LAW Victimizing The Accused? Obama’s Campus Sexual Assault Guidelines Raise Concerns by Wendy Kamine


“Not Alone,” the White House entitled its task force report on campus sexual assaults. “Believe the Victim,” the report might as well have been called. It reflects a presumption of guilt in sexual assault cases that practically obliterates the due process rights of the accused. Students leveling accusations of assault are automatically described as “survivors” or “victims” (not alleged victims or complaining witnesses), implying that their accusations are true.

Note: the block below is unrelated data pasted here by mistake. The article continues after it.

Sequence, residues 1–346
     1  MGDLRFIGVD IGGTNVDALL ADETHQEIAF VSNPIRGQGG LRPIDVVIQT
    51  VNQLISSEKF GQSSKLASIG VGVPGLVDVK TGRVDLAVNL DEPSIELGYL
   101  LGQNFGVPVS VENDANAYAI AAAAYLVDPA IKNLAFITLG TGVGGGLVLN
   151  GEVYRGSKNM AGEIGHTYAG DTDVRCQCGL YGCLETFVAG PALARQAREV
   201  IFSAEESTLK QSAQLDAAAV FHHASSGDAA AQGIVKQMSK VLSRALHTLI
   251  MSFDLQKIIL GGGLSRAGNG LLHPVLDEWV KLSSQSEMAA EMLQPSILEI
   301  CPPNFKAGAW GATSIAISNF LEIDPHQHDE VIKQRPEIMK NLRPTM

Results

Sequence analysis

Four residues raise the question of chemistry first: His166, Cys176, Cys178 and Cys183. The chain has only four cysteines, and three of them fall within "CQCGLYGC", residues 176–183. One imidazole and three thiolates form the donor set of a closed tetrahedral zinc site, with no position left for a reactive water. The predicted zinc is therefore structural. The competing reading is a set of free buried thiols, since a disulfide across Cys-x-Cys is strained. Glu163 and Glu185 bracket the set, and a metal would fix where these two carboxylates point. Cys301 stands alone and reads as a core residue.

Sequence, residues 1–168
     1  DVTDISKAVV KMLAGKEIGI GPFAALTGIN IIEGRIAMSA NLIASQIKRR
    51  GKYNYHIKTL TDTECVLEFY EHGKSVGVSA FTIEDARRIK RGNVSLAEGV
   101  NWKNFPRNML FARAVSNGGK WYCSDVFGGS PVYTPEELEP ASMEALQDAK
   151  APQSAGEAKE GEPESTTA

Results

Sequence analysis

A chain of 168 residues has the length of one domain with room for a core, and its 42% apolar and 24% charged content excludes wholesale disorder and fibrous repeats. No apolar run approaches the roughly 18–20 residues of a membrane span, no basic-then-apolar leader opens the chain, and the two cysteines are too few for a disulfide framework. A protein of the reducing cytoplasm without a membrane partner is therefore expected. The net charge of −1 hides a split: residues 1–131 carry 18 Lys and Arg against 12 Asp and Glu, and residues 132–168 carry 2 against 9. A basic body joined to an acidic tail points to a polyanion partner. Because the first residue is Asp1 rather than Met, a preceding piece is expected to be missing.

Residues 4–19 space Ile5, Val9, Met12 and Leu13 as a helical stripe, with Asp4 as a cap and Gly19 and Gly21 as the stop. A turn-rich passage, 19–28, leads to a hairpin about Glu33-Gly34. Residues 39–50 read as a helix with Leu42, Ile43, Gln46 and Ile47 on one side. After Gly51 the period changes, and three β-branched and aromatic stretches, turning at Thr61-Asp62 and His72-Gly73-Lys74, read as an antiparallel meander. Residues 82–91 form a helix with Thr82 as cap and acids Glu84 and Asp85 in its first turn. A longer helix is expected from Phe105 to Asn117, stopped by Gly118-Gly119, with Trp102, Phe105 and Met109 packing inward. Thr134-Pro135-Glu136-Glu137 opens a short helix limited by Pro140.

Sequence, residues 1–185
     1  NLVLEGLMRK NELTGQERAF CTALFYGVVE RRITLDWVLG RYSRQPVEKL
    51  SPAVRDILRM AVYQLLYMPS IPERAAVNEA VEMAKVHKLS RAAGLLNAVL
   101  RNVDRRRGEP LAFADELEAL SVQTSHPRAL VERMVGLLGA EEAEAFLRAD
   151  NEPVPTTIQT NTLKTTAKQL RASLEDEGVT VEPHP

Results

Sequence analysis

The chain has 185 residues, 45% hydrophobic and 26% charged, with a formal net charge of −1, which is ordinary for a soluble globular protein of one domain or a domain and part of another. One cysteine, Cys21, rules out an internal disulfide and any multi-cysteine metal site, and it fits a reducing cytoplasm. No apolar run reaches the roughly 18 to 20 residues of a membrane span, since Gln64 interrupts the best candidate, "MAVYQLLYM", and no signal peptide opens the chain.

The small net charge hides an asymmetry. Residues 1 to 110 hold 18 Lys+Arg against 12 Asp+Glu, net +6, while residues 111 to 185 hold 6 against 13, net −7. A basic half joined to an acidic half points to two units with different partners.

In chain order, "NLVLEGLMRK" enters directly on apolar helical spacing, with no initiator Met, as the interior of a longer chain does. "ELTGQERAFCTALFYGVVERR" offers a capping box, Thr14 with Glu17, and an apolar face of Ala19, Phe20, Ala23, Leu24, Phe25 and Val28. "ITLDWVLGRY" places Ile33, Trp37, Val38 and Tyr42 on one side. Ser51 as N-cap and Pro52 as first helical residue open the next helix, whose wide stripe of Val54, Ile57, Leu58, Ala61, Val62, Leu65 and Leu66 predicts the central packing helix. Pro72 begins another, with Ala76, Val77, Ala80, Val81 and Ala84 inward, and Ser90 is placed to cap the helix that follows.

When you categorically presume the good faith, infallible memories and entirely objective perspectives of self-identified victims, you dispense with the need for cumbersome judicial or quasi-judicial proceedings and an adversary model of justice. Thus the task force effectively prohibits cross-examination of complaining witnesses: “The parties should not be allowed to cross-examine each other,” the report advises, denying the fundamental right to confront your accuser.

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